Some of the characters in this novel act, well, out of character. Take Joe’s mom. She tries to forbid him from joining his friends when they go out to “trick or treating” on Halloween citing all the bad things that could happen to him, yet does not stop him from running out of the house and down the street in a rage upon hearing about the murder of a friend. His parents never bother to go looking for him. A sympathetic cop brings him home. In fact, there are several instances of cops bringing this kid home for minor infractions yet he’s never punished. I never did understand why the jacket talks about a “volatile home life.”

Early in the novel the reader is led to believe that some of the grownups know about the odds things to come and are getting ready to stop some type of evil force lurking just outside of town but this is never fleshed out, and is dropped from all mention by the middle of the book.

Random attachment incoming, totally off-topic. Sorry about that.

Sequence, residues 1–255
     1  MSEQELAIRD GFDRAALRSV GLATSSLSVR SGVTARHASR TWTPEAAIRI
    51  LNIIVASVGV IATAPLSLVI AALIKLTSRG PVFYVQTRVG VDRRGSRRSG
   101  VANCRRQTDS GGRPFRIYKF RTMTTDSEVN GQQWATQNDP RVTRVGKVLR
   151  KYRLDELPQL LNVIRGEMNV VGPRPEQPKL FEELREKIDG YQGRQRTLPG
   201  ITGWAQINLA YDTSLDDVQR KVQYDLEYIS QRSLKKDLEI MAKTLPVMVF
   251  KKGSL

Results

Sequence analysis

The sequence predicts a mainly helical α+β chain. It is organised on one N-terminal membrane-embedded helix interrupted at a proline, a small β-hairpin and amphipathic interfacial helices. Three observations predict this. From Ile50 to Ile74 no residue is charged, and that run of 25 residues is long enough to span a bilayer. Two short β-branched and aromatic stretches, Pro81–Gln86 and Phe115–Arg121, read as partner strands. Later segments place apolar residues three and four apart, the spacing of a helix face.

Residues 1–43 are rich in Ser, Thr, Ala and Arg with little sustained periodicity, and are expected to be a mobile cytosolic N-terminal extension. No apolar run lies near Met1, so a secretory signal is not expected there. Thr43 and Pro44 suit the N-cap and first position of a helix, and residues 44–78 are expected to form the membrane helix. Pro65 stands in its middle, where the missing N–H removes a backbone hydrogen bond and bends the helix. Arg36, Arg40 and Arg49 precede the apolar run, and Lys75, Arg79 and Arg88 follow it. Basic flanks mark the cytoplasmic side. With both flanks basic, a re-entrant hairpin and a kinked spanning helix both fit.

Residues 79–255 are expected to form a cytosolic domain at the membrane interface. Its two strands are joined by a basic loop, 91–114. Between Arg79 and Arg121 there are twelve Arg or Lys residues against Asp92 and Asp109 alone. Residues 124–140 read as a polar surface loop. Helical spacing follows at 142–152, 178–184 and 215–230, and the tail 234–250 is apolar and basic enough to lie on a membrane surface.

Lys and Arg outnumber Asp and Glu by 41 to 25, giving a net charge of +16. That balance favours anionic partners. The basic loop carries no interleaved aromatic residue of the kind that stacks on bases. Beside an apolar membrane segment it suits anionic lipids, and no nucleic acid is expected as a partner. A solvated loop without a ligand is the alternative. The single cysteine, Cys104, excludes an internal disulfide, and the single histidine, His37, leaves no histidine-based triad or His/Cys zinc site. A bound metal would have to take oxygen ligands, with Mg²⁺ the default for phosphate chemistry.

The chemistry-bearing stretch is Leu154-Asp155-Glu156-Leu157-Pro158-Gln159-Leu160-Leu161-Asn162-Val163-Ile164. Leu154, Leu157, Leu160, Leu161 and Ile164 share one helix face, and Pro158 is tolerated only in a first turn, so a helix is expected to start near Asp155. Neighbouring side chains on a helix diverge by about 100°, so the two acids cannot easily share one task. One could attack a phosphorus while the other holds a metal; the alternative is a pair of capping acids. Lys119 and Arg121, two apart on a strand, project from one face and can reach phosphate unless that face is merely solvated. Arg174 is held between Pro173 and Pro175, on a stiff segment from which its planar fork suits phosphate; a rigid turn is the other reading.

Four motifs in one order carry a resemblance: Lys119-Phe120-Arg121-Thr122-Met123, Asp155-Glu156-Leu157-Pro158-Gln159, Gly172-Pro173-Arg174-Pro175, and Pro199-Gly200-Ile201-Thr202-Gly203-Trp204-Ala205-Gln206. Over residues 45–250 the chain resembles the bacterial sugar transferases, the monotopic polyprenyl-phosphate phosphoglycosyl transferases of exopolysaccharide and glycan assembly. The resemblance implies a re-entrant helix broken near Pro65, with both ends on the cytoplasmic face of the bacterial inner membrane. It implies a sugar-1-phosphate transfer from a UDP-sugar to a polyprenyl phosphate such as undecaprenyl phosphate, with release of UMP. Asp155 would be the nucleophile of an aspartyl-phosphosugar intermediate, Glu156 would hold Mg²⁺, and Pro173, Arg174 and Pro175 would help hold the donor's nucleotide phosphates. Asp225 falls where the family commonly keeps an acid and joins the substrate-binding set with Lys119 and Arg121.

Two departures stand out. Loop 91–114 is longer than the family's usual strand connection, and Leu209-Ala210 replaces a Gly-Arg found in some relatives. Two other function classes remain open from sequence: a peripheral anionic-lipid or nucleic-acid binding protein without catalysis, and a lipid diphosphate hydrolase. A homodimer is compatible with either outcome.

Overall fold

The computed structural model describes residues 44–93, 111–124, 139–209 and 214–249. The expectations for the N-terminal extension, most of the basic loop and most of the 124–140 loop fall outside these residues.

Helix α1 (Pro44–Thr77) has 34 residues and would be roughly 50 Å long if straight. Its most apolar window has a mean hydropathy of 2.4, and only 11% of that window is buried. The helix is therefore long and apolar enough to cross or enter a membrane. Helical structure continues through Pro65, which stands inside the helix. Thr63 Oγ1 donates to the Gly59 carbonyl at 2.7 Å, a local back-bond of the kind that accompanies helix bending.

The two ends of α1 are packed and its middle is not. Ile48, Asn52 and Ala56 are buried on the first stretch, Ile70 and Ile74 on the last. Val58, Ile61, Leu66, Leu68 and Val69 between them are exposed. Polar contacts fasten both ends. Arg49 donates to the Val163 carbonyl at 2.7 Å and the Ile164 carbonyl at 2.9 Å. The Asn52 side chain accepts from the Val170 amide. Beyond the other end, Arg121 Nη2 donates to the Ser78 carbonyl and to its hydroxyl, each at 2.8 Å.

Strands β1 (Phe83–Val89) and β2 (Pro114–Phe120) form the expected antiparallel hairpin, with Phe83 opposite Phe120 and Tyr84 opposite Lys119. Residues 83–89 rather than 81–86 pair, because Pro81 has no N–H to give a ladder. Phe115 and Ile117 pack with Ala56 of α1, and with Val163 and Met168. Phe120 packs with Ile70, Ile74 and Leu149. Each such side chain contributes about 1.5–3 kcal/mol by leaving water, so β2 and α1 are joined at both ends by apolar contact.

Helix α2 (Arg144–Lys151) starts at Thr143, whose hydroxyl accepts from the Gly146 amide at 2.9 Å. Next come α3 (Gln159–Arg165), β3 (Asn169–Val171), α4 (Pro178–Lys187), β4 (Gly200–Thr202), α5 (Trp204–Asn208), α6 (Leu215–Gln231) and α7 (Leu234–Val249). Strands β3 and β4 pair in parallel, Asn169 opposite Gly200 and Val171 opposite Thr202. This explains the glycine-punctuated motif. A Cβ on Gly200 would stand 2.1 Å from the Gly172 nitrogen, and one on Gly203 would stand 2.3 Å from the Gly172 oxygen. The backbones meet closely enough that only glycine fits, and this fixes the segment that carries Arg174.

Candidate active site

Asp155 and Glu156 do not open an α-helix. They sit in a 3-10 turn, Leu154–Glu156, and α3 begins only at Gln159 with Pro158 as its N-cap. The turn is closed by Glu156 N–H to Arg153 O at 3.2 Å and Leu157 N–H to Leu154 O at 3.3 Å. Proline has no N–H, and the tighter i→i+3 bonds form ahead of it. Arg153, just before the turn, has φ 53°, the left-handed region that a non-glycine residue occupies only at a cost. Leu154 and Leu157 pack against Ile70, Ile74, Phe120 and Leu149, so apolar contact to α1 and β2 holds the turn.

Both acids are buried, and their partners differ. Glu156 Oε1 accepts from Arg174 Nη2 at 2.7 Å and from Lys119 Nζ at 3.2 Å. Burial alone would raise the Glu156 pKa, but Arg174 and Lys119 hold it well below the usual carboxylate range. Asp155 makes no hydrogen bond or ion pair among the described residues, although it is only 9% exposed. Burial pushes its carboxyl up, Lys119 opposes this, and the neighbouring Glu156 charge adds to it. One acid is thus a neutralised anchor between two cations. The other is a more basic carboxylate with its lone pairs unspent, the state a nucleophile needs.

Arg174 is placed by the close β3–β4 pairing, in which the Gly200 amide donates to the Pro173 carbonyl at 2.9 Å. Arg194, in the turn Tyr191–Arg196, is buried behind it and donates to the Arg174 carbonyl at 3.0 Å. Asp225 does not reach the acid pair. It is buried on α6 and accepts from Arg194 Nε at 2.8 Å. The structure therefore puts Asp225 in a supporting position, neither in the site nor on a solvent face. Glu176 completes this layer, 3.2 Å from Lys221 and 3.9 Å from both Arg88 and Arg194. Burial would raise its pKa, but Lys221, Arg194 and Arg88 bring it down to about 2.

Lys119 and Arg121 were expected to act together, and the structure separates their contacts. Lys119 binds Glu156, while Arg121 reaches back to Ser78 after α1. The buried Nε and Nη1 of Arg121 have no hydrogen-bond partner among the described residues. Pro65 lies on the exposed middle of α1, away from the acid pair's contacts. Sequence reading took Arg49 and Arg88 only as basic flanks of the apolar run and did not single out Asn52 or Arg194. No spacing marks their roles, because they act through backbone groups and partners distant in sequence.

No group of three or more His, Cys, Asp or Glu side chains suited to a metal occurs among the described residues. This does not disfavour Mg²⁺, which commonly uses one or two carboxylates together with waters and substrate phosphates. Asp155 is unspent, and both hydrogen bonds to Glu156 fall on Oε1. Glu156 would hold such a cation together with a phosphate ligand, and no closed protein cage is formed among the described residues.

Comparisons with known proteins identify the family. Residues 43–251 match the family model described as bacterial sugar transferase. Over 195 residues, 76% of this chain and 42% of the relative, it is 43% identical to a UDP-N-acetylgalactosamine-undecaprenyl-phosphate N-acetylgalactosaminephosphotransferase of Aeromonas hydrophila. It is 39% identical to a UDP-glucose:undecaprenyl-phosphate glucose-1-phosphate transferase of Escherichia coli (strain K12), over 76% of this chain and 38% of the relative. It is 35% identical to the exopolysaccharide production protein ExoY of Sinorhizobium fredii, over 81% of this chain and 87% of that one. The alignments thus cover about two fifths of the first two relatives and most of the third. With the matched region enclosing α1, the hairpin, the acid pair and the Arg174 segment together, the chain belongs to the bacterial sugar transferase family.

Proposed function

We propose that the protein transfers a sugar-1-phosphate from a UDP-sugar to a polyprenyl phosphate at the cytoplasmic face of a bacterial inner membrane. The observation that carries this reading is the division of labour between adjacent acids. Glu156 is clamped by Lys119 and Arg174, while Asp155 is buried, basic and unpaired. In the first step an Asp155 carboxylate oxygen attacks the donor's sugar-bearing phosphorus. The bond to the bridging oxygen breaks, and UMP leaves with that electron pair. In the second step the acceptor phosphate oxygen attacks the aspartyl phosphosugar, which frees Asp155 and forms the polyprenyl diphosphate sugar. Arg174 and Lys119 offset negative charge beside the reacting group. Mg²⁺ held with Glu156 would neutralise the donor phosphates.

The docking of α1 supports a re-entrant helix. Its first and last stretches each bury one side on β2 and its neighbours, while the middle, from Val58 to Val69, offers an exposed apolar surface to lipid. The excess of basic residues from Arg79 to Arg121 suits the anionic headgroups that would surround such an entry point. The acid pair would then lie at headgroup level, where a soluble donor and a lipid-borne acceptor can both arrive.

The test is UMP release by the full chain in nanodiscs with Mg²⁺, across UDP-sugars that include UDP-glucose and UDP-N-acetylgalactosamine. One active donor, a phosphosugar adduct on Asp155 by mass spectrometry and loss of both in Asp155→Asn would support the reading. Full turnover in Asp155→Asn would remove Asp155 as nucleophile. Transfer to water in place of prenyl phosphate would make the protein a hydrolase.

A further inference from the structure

We are introduced to the standard teen bully; at least at first he is modeled on the archetype bully, but over time becomes a rapist when he forces a gay middle school boy to perform a sex act, and then becomes a murder suspect. We are given no explanation as to his motives, or shown proof of guilt. The reader is told after the fact about his disappearance and imprisonment for murder. This had me wondering why he was in the novel in the first place. His inclusion did nothing to move the story along. There would be no effect to the story if his and the character he murdered were removed from the novel completely. Now, it is possible that O’Brien was trying to create several red herrings in order to keep his readers guessing as to what kind of evil was to come, but in his inept hands the herrings felt more like dead ends in the maze of a poorly constructed plot line.